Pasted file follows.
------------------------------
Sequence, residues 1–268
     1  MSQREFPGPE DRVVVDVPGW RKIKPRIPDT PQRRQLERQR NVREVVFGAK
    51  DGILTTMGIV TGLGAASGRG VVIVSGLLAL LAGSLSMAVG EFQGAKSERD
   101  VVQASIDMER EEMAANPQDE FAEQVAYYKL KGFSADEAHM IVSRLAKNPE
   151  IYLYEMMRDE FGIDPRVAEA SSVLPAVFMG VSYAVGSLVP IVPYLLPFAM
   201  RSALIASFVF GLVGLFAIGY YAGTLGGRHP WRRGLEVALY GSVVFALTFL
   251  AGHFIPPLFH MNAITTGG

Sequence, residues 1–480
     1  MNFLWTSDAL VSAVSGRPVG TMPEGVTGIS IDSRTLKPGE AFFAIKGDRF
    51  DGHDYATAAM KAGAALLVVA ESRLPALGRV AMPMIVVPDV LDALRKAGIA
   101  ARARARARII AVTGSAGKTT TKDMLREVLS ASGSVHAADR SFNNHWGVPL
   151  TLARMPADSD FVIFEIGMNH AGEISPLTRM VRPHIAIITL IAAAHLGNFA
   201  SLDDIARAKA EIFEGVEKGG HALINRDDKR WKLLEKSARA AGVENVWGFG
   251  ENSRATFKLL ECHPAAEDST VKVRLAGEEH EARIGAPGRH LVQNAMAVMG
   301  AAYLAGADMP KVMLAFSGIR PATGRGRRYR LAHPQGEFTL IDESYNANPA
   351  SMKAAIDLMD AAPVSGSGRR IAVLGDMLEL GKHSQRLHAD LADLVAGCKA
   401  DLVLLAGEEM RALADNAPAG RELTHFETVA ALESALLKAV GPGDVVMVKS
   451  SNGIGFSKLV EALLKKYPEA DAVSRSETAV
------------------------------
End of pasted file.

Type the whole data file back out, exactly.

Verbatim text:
Sequence, residues 1–268
     1  MSQREFPGPE DRVVVDVPGW RKIKPRIPDT PQRRQLERQR NVREVVFGAK
    51  DGILTTMGIV TGLGAASGRG VVIVSGLLAL LAGSLSMAVG EFQGAKSERD
   101  VVQASIDMER EEMAANPQDE FAEQVAYYKL KGFSADEAHM IVSRLAKNPE
   151  IYLYEMMRDE FGIDPRVAEA SSVLPAVFMG VSYAVGSLVP IVPYLLPFAM
   201  RSALIASFVF GLVGLFAIGY YAGTLGGRHP WRRGLEVALY GSVVFALTFL
   251  AGHFIPPLFH MNAITTGG

Sequence, residues 1–480
     1  MNFLWTSDAL VSAVSGRPVG TMPEGVTGIS IDSRTLKPGE AFFAIKGDRF
    51  DGHDYATAAM KAGAALLVVA ESRLPALGRV AMPMIVVPDV LDALRKAGIA
   101  ARARARARII AVTGSAGKTT TKDMLREVLS ASGSVHAADR SFNNHWGVPL
   151  TLARMPADSD FVIFEIGMNH AGEISPLTRM VRPHIAIITL IAAAHLGNFA
   201  SLDDIARAKA EIFEGVEKGG HALINRDDKR WKLLEKSARA AGVENVWGFG
   251  ENSRATFKLL ECHPAAEDST VKVRLAGEEH EARIGAPGRH LVQNAMAVMG
   301  AAYLAGADMP KVMLAFSGIR PATGRGRRYR LAHPQGEFTL IDESYNANPA
   351  SMKAAIDLMD AAPVSGSGRR IAVLGDMLEL GKHSQRLHAD LADLVAGCKA
   401  DLVLLAGEEM RALADNAPAG RELTHFETVA ALESALLKAV GPGDVVMVKS
   451  SNGIGFSKLV EALLKKYPEA DAVSRSETAV